How many of you like the name you were given by your parents? How many of you would like to change it? I know at least one person, now no longer resident here, whose name was identical to that of a famous violet-eyed actress until she changed it to an American Indian one.
I am quite happy with my name except when it’s spelt incorrectly. Francis is me; Frances is my hypothetical sister. It’s so much easier in Italian with ‘Francesco’ and ‘Francesca’. Having said this, I was known at work as ‘Frank’ – a useful distinction separating my private social life from my public work persona.
I’m also happy with the person who first bore my name. He started off as a dissolute happy-go-lucky ladies’ man with an ample store of sometimes naughty troubadour songs which he sang in perfect southern French romance tongue. Everything seemed to go well for him: wine, women, song and plenty of money –if he joined his dad’s merchant business.
Unfortunately, however, for his family (and certainly for his women) he had a lightning revelation which contrasted the pampered life he was leading with the life he felt truly called to follow. Literally stripping himself naked before his father, he finished up poorer than anyone could remember. Emaciated by mortification and suffering, filthy with sores and embracing those with leprotic pustules, considered ripe for the madhouse by one half, yet considered ripe for sainthood by the other half, unwilling or unable to take control of the new movement he had inspired and still today the subject of debate both scholarly and street-wise. A family acquaintance, Zeffirelli himself, confessed to us that he felt near to complete disgust at his hero’s total lack of self-regard when making that iconic film on him: ‘Frate Sole, Sorella Luna.’
I do not need to tell you the name of the Poverello except to state that his name etymologically means ‘from France’ – in particular, southern France, that ’Provence’ redolent of post-classical romance and spirituality. Indeed, Francis used chivalric images of courtly love to woo his Lady Poverty and his Sister Chastity. He spoke of God’s mysterious ways with a language taken from such sources as Guillaume de Lorris’ so-very influential Roman de la Rose. Francis was truly spirituality’s greatest troubadour.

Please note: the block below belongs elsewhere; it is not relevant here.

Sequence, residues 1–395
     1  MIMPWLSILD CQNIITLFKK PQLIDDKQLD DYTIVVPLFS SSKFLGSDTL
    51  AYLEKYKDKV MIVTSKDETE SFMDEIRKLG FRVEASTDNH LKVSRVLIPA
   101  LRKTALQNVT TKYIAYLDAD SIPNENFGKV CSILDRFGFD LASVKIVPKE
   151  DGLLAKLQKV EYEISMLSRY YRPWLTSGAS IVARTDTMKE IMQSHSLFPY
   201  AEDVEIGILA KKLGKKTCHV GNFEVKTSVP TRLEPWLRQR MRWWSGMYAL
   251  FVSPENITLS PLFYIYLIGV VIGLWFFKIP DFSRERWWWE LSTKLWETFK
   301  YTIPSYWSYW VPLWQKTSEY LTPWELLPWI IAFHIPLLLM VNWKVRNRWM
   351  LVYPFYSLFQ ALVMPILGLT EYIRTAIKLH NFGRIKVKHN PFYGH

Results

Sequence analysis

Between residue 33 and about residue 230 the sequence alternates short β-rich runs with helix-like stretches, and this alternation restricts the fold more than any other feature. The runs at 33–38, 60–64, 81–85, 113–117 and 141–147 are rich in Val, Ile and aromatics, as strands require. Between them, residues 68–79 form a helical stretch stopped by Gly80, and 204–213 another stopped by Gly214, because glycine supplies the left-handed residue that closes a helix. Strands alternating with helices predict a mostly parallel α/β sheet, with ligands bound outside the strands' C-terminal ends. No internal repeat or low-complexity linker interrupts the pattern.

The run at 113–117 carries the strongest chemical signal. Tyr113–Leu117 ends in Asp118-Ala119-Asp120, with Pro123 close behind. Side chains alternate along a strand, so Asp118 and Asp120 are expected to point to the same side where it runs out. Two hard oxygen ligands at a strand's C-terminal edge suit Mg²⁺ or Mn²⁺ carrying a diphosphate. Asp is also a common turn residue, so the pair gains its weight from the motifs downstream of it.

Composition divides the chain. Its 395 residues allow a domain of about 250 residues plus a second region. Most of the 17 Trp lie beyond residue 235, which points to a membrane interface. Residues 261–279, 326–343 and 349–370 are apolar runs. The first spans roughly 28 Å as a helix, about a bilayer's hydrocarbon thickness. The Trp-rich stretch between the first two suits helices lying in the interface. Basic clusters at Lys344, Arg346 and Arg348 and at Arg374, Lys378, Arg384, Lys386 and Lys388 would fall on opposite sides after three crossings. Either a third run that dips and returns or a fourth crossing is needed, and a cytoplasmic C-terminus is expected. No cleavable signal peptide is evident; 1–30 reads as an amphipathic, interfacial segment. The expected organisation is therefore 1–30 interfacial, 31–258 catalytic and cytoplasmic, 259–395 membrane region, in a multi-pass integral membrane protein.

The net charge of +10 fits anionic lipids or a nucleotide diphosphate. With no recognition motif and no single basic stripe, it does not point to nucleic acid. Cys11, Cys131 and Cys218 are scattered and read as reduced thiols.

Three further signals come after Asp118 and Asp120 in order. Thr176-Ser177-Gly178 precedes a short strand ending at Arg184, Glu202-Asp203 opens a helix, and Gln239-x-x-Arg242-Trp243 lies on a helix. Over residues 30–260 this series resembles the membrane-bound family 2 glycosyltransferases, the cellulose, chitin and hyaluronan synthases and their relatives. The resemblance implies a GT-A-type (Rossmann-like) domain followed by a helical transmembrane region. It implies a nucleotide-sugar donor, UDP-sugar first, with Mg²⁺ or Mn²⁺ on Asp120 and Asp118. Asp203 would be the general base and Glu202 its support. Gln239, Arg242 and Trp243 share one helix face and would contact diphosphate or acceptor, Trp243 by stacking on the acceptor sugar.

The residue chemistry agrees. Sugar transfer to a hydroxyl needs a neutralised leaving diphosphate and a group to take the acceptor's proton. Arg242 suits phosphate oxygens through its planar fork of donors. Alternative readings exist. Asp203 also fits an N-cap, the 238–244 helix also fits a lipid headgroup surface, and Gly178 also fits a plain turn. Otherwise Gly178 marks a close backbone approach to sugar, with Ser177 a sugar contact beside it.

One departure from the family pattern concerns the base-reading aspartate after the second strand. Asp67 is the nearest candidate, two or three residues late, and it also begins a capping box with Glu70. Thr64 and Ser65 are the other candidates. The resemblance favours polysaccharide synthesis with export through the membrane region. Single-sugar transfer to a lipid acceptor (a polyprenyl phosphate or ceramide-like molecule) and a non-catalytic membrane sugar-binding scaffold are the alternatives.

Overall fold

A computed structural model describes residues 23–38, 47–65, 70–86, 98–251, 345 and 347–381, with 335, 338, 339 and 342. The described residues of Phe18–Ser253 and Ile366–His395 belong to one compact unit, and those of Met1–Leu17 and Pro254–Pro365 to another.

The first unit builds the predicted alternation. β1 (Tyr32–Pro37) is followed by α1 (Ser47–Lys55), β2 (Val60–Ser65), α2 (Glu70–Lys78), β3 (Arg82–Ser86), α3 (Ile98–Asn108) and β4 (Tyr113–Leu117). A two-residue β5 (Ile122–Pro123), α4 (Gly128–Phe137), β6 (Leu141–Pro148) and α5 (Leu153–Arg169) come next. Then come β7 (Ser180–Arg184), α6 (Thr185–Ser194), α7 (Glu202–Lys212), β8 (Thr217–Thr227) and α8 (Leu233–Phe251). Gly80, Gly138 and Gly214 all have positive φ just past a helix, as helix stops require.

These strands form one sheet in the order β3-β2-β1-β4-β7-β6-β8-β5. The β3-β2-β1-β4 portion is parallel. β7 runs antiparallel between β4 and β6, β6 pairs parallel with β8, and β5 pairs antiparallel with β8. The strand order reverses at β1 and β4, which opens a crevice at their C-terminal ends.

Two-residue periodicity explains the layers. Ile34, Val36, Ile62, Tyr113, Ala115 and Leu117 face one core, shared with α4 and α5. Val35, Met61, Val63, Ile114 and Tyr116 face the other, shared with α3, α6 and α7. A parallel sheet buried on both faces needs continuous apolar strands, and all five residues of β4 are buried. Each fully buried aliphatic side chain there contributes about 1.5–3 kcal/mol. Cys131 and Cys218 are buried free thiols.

At the same time Francis overturned the conventions of courtly love – turned perfumed roses into gardens of thorns, kissed puss-filled cheeks rather than white-powdered ones, found joy (Letizia – what a wonderful chapter that is in his fioretti) in howling storm-ridden wastelands rather than cossetted inns, sang the delights of plain water to that of rich wines (something more of us should do) and, above all (and not at all self-consciously), modelled his life on that of Christ itself.
Italy is filled with the great Franciscan churches with their very particular architecture. No aisles for these monumental buildings but, rather, huge barn-like structures like that of San Francesco so excellently restored in Lucca (see my post at https://longoio.wordpress.com/2013/07/07/magisterial-monastery/ on the reopening of this extraordinary building): barnlike because the emphasis was on congregation, togetherness, simplicity and, above all, preaching.
Borgo a Mozzano has its own gem-like example of a Franciscan convent complete with aisleless church and cloisters (from claustrum, meaning an enclosed space apart from the turmoil of the world) connecting the spiritual centre to its practical subsidiaries such as the refectory, the chapter house, the dormitory and the workshops and cellars.